Rescuers Tried In Vain To Save Stranded Orca Mom

Mother died apparently from drowning after beached on the Zeballos Causeway.

A beached orca at a lagoon.
Concerned individuals trying to help the beached orca. Credit: Tracy Smith

An orca, a mother of a nearby calf, died early Saturday after becoming stranded on the Zeballos Causeway, as dozens of people tried to save her.

“It had a seal in its mouth; it was hunting for food. The seal went on to the beach, and the orca followed and got stuck.”

Haily John-Hansen

The whale squirmed on her side and flapped her tail, trying to right herself, while people tried to shift her from her side onto her belly before the tide came.

A young orca–possibly her calf–swam nearby, watching.

Harrowing video of the beached orca. You can see another orca, possibly her calf, swimming in the shallow waters. Credit: Tracy Smith via Facebook

“They couldn’t get her onto her belly quick enough, and the orca had water going into its mouth, and through the blowhole, which resulted in the orca drowning,” said Haily John-Hansen, one of the local residents who turned out to help.

“It was actually trying to help them help it flip onto its stomach.”

“It had a seal in its mouth; it was hunting for food. The seal went on to the beach, and the orca followed and got stuck.”

The causeway is near the village of Zeballos and adjacent Ehattesaht/Chinehkint First Nation, on the northwest coast of Vancouver Island.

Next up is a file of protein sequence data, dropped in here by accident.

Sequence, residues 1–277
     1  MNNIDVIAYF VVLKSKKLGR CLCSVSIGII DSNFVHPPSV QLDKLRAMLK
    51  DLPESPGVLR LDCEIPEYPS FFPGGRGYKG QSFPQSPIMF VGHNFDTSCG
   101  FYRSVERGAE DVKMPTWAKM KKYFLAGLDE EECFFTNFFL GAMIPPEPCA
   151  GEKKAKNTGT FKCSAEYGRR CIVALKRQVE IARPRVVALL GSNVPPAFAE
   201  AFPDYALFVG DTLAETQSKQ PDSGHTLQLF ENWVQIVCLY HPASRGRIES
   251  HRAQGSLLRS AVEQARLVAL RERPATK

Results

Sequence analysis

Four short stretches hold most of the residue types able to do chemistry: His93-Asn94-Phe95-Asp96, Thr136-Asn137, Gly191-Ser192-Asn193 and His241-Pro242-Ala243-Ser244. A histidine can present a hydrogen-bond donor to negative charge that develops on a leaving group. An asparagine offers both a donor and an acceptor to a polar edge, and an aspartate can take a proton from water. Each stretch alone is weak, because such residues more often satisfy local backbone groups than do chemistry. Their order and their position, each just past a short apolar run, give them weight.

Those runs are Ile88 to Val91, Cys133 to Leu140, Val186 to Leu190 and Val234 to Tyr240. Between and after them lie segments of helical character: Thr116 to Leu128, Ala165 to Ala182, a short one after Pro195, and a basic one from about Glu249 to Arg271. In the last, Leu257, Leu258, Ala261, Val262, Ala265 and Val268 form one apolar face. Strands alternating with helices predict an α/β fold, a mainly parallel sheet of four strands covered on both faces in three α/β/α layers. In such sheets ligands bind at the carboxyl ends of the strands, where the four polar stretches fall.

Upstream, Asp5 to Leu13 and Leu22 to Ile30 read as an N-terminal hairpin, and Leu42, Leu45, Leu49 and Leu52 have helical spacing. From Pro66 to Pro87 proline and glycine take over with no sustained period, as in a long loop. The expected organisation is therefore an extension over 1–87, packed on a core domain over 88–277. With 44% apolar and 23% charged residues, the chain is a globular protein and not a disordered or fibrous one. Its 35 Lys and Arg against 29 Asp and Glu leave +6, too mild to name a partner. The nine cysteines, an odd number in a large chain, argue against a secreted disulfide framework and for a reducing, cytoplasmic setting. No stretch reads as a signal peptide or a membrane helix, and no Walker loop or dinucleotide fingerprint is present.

Howard Garrett, president of the Orca Network, said the orca was likely a Biggs killer whale. This species is part of the population of transient orcas off the west coast of Vancouver Island, and it hunts seals and other mammals close to shore.

Orca stranded on the Zeballos Causeway. Credit: Haily John-Hansen

“It could happen in pursuit of seals, a miscalculation of getting stuck on rocks, but that’s really rare,” Garrett told West Coast Now.

Unlike the endangered population of salmon-eating Southern Resident orcas, of which only a few dozen remain, transients are thriving and increasing by about 4% each year, said Garrett.

The animals are protected, and the waters off Western Vancouver Island provide a rich hunting ground for them, he said. “There are more seals per square meter there than anywhere else.”

As the whale and her helpers struggled, Zeballos residents shared videos on social media.

“Traditionally, we are connected with them, which is why so many of us jumped to go try to help the orca.”

Haily John-Hansen

Marine Education and Research Society monitored the feeds and commented, “This area is known to us. It is highly influenced by changes in tides. The whales would have come in on a high tide (possibly hunting). When the tide ebbs in this particular spot, it happens very quickly.”

“There may have been something wrong with the mother’s health condition whereby she was more subject to stranding on the lower tide. A necropsy could possibly provide insight.”

The society said whether the nearby calf survives “will depend on their age (independence) and the family structure of these whales. Not all Bigg’s organize in matrilines whereby there might be family members nearby.”

John-Hansen said she and other residents of Ehattesaht shared news of the whale early in the morning and immediately rushed to try to save her. “We went right away. When we got there, we saw about a dozen vehicles on the side of the road. Then we saw the orca lying on its back on the beach. And the calf was swimming around. We think it was waiting for its mother.”

“Traditionally, we are connected with them, which is why so many of us jumped to go try to help the orca,” she said.  

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